a long—long time, many hundred years. And Thai women were kept, to accept that idea—that why so many women, you know, just tell their husband or boyfriends, “Okay, if
you want to have sex, you know, I am not ready for that, you go to use of bad women.”
That means, you know, prostitutes. Then this kind of culture has to be changed. I
never think that Western, bring a lot of problem in the AIDS point of view, but I do
believe that this our own culture problem.
BOOTH: Natti says the other group in need of education is youth.
NATTI: We are very, very concerned with the youngster. We were invited to many,
many schools, hundred of hundred schools, and I do believe that it is very important
to inform them. Because they, not just only themselves, protect themselves, but all
these youngster, they are more educated, we can use them as a peer group to help the
people who are older and never think about their lives seriously. Then every time we
perform for the kids, for the students, we always ask them to be our help, our
friends, to pass through information to another group of people who they know… yeah.
BOOTH: Education is needed in rural areas and villages too. Many villagers
leave their rural homes for the major cities where growing business and industry
provide jobs. It’s good news for the country’s economy, but bad news for the spread
of AIDS. Factory workers who are away from home are at high risk for contracting the
disease and bringing it back to their villages.
In a mountain village about 40 miles outside of the northern city of Chinmai, the
village chief has nailed an AIDS education poster to the wall of a meeting room in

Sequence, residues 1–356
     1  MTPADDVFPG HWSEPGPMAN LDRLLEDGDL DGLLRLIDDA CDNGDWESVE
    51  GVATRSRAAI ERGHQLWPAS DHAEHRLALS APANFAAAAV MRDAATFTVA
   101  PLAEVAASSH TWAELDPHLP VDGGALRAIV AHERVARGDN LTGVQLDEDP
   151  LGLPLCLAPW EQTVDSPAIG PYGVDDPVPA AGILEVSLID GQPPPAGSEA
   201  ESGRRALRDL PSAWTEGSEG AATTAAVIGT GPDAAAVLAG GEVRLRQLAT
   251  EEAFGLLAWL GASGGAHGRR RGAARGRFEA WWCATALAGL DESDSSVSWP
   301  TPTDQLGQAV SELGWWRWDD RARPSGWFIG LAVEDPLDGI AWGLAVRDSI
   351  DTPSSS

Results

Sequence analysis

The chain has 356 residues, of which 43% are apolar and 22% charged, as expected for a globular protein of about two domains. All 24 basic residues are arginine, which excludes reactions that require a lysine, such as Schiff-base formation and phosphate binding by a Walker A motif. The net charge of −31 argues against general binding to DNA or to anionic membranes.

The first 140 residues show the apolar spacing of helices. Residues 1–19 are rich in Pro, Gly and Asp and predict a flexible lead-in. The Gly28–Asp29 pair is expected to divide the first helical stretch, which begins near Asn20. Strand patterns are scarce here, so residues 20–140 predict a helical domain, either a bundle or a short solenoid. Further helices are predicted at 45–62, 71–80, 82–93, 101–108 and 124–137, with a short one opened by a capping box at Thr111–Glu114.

his hut. The poster depicts a young man lying in bed. Members of his family surround
him and offer him food. A guide and interrupter named Do, explains that the poster
emphasizes the need for families to care for people with AIDS so the ill can live
longer lives, two or three more years he says.
DO: Because if there someone they have HIV, they want to kill themselves…
they don’t want to be alive anymore.
BOOTH: So the village must take care of them.
DO: Yeah, and look after them, help them right here… they must talk with him. ??
BOOTH: Do says no one in this village is sick with AIDS, but he knows of at
least two people in a nearby village who suffer from the disease. One of them is a
young child. He says food, shelter and love are often all that families can offer due
to the lack of money for drugs and other medical treatments. And often when there is
money, he says medical treatments are inaccessible to rural residents who often don’t
have the means for transportation to the larger cities. Care workers have found that
normally self-sufficient rural families are being devastated by AIDS. Farmers can’t
farm because they’re ill or because they’re caring for family members with the
disease. To provide for their families, they sell their seeds, tools and eventually
their land. Women are also being affected. They’re seeing their social roles change
dramatically. No longer are they able to earn income, provide the family’s food and
water and fulfill their normally productive tasks because now they focus on caring
for the sick. Care officials say that while education and prevention efforts are
helping ease infection rates, they warn that the problem is going to get much worse
in Thailand before it gets better. In the meantime, what can countries like the U.S.
do to help? One Thai activist says organizations can work to stem the tide of sex
tourism by working to decrease the demand and flow of sex tourists. He says many
Americans travel in Thailand on itineraries planned by companies based in New York,
Las Vegas and Miami Beach. Business Week reports that some 25 companies
operate in the U.S. alone. Also the U.S. is being asked by advocates to sign on to
the 1989 United Nations Convention on the Rights of the Child, which says every child
is entitled to full protection from all forms of sexual exploitation and sexual
abuse. The U.S. is one of only four nations that have refused to sign. Opponents say
it’s an invasion of privacy and the rights of the family. This is Karen Louise Booth reporting.
(sound of Thai chant)
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B.J. Leiderman created our theme music. Common Ground was produced and funded by the Stanley Foundation. I’m Jeff Martin.
Copyright © 1997,
The Stanley Foundation